There's a saying in professional soccer that there are piano players and piano movers. There are the forwards (the players), who—with skilled footwork and finesse—score goals, and therefore score with fans. And there are the backs (the movers), whose grunt work, though important, doesn't appear in the stats.
In his unwavering pursuit of success, particularly through the challenges of Aerosmith’s early years, Brad Whitford displays a kinship to the ultimate tenacity of the Les Paul design: the time-will-prove qualities and heroic achievements of a guitar that wasn’t fully appreciated until half a decade after it was deleted from the Gibson catalog.
Joe Bonamassa's next album, Driving Towards The Daylight, will be out May 22. Among the guest stars are Aerosmith guitarist Brad Whitford and Whitford's son, Harrison, also a guitarist. Other guests include guitarists Pat Thrall and Blondie Chaplan, drummer Anton Fig, bassists Michael Rhodes and Carmine Rojas and keyboard player Arlan Schierbaum.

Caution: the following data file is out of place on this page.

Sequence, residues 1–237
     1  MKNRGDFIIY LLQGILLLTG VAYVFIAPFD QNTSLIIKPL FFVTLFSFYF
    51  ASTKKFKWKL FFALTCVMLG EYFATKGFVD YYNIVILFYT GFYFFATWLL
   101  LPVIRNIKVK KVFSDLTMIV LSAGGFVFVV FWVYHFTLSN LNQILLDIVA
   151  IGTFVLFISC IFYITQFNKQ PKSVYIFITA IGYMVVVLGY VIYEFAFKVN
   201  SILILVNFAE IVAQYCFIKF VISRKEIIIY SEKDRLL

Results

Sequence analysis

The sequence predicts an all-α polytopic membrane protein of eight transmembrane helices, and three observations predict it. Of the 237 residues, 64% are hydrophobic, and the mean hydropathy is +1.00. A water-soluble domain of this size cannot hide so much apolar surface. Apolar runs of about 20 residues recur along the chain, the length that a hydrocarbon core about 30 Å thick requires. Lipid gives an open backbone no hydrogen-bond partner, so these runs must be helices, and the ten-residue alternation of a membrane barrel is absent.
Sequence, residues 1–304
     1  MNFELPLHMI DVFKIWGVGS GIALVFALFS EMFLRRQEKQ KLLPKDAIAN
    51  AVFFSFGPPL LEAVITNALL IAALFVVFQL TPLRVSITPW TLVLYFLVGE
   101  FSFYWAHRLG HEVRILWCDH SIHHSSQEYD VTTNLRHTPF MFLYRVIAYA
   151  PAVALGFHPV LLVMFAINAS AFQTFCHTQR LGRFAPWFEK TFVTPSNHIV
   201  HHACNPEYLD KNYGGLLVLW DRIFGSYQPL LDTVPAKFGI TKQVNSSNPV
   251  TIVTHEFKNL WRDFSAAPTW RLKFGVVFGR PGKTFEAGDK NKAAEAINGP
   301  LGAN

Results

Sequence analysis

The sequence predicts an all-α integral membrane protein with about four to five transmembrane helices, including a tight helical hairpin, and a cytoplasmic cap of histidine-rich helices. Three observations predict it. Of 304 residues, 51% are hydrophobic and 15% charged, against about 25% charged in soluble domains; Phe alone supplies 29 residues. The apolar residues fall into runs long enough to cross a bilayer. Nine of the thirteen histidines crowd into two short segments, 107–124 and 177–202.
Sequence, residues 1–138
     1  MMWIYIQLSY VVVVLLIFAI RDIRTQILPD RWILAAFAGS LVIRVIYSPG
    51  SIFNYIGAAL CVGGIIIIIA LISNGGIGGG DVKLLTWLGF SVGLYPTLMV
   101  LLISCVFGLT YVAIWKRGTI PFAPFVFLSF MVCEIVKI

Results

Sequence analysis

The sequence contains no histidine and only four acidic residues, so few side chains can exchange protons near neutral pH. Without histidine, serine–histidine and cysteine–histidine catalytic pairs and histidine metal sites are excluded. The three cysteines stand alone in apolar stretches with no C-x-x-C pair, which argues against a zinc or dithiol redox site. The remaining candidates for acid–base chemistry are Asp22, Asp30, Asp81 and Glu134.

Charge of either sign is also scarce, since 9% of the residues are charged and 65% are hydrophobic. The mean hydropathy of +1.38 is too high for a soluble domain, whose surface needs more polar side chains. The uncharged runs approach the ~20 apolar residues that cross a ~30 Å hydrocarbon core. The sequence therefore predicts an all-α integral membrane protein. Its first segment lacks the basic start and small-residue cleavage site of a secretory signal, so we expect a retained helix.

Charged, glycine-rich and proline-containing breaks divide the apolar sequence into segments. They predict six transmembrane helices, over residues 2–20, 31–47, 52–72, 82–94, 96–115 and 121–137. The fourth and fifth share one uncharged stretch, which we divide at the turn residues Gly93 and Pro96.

But the Aerosmith that created Pump is an altogether different animal than the classic version of the mid-Seventies. Back then, the group was a non-stop rock 'n' roll party machine, living on the edge 24 hours a day and roaring into town in search of your sisters. They were Van Halen before there was Van Halen.